Song Mastering

Song mastering finishes up the audio production process by applying various effects to achieve the best audio masteringpossible potential from a final mix. A good engineer can quickly identify what is lacking from a mix and react accordingly to achieve the best sound. Experience how good our engineers are by using the form below to upload your song for a free master on us.

EQ is a powerful effect for isolating and affecting the influence different frequencies of the overall final mix have. An engineer can bury offensive or lazy frequencies which aren’t contributing to the mix and just as importantly can boost the influence other ranges have if something is lacking from the sound. Boosting the high end will always give the mix a brighter sound whereas boosting the low end will give the track a deeper bass presence. Warming the mids will make it sound more wooden and natural, as well. A good EQ pass will significantly improve the aural quality of a final mix and give it that shine that it’s been missing, but it’s important to remember to use everything in moderation. Too much high end, for example, will grate on the listener’s ears, so it’s incredibly important to identify that “sweet spot” for every range in the audio map and tweak accordingly.

Compression is another of the most used effects regarding audio mastering. This smooths out a mix which is all over the place and gives it a more uniformed, gluey sound which will significantly improve the professional sound of your mix. Compression takes away from the dynamic range to achieve this, however, so just like with the EQ it’s important to use it with moderation. Too much compression will squash the range completely out of your mix so that it’s too uniform, coming off as sounding droney to the listener and too repetitive whether that’s picked up or not. Also like with equalization, you want to find that sweet spot with the compression which you apply to the overall final mix to both give the mix the glue and stability it needs while preserving the dynamics which are inherent in that track.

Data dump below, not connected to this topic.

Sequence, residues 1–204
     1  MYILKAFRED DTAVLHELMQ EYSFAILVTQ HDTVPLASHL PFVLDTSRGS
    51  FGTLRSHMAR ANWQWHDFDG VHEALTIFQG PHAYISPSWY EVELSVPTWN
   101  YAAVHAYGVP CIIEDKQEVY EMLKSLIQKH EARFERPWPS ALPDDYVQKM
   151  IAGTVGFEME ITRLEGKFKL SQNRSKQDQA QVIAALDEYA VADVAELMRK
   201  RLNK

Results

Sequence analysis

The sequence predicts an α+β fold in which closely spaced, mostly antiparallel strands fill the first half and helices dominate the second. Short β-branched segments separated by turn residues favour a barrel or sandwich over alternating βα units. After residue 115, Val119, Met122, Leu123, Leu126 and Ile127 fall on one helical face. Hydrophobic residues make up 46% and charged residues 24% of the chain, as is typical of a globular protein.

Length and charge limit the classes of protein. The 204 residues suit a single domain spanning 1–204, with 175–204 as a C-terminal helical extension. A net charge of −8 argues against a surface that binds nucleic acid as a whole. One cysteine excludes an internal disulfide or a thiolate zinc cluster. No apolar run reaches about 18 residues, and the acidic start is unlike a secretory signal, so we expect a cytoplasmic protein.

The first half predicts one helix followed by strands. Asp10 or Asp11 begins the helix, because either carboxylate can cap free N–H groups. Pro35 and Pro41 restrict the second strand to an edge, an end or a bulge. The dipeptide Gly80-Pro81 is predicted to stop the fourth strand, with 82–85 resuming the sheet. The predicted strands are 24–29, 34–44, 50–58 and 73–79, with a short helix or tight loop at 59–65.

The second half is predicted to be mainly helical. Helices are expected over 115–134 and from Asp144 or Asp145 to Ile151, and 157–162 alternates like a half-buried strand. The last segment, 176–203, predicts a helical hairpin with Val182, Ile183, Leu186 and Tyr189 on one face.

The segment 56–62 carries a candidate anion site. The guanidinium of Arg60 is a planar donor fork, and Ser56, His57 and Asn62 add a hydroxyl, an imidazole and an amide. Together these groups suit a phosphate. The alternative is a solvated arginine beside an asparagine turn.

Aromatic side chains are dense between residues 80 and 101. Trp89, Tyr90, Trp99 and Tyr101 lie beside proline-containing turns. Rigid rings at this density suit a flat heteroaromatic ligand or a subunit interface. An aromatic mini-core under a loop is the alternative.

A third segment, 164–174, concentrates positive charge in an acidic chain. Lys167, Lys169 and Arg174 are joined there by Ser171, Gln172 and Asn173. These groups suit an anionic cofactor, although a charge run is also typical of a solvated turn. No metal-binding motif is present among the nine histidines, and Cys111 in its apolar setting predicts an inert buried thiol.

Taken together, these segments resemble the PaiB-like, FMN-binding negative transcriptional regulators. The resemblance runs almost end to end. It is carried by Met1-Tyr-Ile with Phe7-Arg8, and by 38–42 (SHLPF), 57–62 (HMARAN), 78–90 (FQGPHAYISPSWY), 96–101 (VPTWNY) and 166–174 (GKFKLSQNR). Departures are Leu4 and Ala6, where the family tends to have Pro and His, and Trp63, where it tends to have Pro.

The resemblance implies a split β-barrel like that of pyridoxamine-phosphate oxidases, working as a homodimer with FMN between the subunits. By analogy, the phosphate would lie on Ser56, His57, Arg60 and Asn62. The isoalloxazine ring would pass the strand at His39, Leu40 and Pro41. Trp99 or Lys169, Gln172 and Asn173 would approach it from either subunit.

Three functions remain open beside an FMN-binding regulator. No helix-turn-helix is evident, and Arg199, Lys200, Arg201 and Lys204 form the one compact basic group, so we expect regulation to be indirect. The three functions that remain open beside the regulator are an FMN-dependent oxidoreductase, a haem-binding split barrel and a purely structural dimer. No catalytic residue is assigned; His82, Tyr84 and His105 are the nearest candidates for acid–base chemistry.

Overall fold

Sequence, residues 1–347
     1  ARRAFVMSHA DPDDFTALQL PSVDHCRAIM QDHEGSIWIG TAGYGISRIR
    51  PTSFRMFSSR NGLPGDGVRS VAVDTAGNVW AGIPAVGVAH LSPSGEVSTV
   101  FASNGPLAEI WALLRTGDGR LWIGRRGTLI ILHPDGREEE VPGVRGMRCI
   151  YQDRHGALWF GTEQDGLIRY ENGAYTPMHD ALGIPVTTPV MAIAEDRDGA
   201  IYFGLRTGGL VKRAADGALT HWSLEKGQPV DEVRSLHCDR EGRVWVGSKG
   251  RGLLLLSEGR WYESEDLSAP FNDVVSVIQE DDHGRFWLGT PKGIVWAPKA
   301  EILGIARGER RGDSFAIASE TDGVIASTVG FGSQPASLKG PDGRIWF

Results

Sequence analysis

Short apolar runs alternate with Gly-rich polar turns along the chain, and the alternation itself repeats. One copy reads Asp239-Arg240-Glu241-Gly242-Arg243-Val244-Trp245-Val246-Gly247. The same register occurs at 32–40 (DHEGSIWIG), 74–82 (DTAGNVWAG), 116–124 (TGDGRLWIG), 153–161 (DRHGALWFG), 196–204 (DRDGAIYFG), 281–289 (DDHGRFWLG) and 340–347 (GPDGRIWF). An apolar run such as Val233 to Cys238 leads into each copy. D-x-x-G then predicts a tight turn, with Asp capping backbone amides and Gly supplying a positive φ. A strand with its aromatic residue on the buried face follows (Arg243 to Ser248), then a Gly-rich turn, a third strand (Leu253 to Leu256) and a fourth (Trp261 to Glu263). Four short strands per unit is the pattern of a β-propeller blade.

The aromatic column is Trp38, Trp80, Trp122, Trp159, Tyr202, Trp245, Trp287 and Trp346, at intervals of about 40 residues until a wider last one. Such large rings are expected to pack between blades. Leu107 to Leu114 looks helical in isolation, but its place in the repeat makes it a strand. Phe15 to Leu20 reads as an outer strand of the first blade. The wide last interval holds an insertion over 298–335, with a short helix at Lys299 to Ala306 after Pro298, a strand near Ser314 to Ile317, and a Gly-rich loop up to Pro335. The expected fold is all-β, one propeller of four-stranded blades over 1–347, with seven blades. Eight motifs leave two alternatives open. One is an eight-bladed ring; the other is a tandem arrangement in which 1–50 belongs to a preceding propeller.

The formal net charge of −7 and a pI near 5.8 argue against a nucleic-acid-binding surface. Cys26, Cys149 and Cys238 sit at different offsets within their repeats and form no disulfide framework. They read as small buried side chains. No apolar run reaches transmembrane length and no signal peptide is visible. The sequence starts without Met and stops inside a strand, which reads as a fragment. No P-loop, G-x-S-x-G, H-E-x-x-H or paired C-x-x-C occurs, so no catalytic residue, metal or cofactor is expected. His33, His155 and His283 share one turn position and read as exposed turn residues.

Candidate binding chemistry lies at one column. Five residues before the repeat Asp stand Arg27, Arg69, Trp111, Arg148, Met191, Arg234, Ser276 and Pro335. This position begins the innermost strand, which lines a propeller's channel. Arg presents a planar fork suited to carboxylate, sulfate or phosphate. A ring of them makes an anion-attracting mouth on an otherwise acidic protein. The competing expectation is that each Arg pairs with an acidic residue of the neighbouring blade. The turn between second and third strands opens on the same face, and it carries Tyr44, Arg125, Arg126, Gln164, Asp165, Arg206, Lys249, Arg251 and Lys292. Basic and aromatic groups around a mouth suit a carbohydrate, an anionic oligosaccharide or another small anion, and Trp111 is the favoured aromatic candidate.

Other effects can provide cosmetic touches here and there as needed. A bit of reverb can help a mix which sounds too flat and give it a bit more life and dimension to it. Additionally, if you’re looking to correct a flat sounding mix, you might look into widening the stereo image so that it sounds less confined all to one space in the speakers but more all around you.

Audio mastering isn’t limited to touching up the audio itself on an aesthetic level but a more technical level depending upon how the artist is planning on releasing their music. If it’s just digital, the mastering engineer might just deliver the mastered audio in different digital formats with artist information encoded. On the other hand, if the artist is planning a physical release for a CD, it’s much more involved where the artist information needs to be encoded to a set of project files known as a DDP which are sent to the CD replication plant. Really every specific detail needs to be perfected before it’s sent off to the plant to ensure that every copy made is as precise as the initial master itself. This means getting simple but important things correct such as the tracklist, gaps between tracks/transitions, artist details including royalty information, and much more.

Even if the artist is interested in a vinyl release, the engineer still needs to make sure the sequencing elements are correct with that (in that case) single audio track.

Whatever your needs are as the artist, a solid audio mastering job will significantly improve the quality of your recordings and get them ready for release to the public, so make sure that you choose your engineer wisely.

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